We would suggest that this is something subtly different to the Northern European conception of a teacher. In the European tradition, instruction has only been a part of what the teacher is expected to do. Some people might think that this is what needs changing  about UK schools– that teachers need to be left to teach – but notice here that they don’t say “teachers need to be left to instruct”. We might suggest then that the culture of Northern European education – as opposed to an American, or Far Eastern one perhaps – is one in which the teacher has a more holistic, and certainly more pastoral, role. The teacher standards (regardless of what one thinks of them) in both the UK and the Netherlands would seem to indicate this. We could of course, have a national conversation about whether or not we think that this should be the role of the teacher, but right now, in many ways, this is the culture of UK education.

Instruction is of course, a hugely important part of many educational processes. Improving the way that our trainees here at UoB give instruction is something that we focus on quite a lot. Rosenshine provides a good starting point for thinking about what teachers need to do with instruction. But what about those circumstances where we don’t want them to be instructing (we think there are some) or perhaps those circumstances where we need them to be more critical than Rosenshine’s principles require them to be? (And we should say here, that probably in opposition to a lot of people writing on the internet, that we believe “whataboutery” to be a thoroughly good thing, as it drives inquiry on). We have recently been engaged in some research[i] which suggests that there might be some difficulties for science teachers  – who require a particular kind of ontological self- awareness – if they approach their instruction, or any other aspect of their teaching,  in an uncritical way; a fact not lost on some American colleagues who are thinking along similar lines. Such criticality requires an understanding of the culture in which Rosenshine originally develops his research, and the cultures from which his research examples are drawn (largely Maths, Science and English classrooms in the USA and Australia). It also requires some understanding that the culture of school science requires that teachers’ instruction deals in things that are, at best, simplifications.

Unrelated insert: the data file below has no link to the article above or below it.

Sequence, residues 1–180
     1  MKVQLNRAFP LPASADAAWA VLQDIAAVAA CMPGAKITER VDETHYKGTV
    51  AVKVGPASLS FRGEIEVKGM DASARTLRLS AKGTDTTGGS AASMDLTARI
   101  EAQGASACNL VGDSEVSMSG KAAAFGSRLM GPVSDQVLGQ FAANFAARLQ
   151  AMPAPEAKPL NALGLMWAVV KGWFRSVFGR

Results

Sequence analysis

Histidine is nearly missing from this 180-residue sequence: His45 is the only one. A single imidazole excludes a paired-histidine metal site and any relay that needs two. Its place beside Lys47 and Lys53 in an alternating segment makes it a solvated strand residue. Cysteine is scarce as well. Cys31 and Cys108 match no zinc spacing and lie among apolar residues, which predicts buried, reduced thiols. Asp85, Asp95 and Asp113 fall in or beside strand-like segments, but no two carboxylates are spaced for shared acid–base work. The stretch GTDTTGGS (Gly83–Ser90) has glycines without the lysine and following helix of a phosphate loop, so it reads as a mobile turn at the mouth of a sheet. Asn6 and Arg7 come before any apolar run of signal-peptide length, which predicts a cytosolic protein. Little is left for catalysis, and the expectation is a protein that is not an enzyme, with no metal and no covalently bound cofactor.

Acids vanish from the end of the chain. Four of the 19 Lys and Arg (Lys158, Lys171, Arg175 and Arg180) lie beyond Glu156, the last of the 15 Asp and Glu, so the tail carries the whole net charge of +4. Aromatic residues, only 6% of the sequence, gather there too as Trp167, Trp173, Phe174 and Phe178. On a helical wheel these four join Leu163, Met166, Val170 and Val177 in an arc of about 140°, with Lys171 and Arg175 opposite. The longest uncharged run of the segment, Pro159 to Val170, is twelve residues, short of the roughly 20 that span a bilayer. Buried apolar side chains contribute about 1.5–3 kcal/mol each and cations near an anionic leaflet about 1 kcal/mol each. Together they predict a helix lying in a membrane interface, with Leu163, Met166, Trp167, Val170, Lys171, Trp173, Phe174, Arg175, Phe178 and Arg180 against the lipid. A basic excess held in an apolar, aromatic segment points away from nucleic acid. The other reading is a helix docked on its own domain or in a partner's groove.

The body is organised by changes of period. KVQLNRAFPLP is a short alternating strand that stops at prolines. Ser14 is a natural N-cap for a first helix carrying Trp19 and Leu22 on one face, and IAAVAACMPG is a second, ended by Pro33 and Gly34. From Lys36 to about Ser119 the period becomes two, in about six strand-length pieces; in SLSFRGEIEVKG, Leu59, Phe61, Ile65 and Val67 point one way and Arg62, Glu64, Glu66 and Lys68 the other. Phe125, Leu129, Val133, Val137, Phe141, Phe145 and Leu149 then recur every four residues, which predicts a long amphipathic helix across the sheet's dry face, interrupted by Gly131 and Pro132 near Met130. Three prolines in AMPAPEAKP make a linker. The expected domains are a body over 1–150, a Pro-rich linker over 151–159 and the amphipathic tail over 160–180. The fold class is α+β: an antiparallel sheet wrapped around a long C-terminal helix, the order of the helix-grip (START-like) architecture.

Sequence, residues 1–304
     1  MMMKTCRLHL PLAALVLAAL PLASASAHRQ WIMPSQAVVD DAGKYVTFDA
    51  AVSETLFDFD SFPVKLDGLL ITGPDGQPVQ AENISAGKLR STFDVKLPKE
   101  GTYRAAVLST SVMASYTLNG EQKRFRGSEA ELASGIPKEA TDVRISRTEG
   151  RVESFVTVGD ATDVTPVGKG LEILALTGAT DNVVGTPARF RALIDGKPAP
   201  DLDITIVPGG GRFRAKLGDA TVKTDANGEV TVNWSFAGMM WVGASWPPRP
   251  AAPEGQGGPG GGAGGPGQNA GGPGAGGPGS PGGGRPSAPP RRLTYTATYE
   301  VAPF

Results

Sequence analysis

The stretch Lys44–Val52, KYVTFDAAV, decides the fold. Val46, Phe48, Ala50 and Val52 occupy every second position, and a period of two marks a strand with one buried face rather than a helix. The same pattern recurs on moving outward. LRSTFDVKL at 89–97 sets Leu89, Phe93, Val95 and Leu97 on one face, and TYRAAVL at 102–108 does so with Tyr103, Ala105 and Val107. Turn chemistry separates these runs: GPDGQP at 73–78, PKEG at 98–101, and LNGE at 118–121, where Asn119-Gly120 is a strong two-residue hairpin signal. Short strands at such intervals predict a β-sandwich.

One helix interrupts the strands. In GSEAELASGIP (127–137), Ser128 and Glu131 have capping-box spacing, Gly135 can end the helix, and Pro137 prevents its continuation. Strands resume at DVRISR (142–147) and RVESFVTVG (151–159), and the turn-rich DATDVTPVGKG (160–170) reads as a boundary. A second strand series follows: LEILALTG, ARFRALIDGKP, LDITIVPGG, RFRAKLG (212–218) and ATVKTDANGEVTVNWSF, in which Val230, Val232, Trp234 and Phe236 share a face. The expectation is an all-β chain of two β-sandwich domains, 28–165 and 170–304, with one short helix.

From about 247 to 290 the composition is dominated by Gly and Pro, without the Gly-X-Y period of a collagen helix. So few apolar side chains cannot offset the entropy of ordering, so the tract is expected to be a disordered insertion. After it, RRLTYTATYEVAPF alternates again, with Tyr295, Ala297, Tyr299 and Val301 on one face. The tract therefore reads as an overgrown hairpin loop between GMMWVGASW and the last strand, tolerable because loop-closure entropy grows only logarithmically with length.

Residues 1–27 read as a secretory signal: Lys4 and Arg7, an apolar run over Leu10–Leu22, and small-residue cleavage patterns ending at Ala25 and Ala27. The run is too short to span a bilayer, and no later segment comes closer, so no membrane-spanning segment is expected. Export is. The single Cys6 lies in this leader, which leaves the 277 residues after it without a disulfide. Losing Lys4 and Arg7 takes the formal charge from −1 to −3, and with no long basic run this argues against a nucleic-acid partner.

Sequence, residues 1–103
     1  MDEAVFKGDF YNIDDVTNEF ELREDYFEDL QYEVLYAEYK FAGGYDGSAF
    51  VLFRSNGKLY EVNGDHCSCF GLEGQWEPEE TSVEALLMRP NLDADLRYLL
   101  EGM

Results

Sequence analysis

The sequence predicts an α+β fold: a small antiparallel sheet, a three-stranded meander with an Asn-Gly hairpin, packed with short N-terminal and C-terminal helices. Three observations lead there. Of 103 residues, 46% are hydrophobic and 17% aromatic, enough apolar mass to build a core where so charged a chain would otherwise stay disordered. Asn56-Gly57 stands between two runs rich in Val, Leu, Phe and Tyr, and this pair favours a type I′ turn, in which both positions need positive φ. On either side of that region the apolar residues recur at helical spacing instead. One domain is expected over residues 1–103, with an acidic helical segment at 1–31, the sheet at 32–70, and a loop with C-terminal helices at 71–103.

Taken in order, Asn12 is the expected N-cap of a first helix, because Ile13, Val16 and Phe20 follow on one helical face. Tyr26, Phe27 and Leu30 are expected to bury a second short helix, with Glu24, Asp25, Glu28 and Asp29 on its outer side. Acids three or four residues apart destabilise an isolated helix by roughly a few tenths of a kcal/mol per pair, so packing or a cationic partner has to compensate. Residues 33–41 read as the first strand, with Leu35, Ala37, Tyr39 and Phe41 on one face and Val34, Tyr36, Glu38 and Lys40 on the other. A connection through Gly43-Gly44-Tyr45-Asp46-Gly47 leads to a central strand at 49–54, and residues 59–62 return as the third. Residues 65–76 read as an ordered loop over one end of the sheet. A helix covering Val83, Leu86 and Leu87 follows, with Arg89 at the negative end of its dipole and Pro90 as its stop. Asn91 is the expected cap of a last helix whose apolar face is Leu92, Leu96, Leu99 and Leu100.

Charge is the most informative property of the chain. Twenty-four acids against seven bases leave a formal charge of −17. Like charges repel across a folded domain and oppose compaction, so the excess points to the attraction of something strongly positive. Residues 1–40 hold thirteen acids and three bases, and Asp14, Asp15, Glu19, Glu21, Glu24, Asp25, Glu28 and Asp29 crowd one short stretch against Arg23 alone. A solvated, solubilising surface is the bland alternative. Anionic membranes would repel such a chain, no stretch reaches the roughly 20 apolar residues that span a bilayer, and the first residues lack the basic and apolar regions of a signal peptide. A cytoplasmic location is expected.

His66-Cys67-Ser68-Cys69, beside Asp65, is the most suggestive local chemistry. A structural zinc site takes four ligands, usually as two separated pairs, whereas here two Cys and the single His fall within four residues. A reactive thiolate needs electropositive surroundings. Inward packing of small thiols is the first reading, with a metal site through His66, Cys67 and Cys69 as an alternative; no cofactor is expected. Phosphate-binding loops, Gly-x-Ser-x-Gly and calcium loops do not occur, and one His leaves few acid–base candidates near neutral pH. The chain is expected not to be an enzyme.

The importance of understanding culture, is importantly for us, acknowledged by a wide range of people in education who come at the problem from different perspectives. Tom Bennett, for example,  arrived at the conclusion that the culture within a school is the single most important factor in determining how pupils behave. We often extend this by telling our students that they need to understand the culture that surrounds a school as well and this thinking is what leads to the second of the questions that we started with. If we want to promote a particular way of thinking about teaching and learning we need to understand the culture into which we are doing that promotion. Careful thought about this process is required beforehand if it is to work. For us this is best exemplified by the cautionary tales of the involvement of both Dulwich College and Wellington School in state education. Both instances suggest that knowing a little about the culture of the area that you are moving your educational philosophy into might be useful, and a consideration of the cultural differences between that philosophy and the world view of the people you are trying to introduce it to may also prevent misunderstandings. To paraphrase Theodore Roosevelt you might carry a big stick, but you still need to remember to walk softly.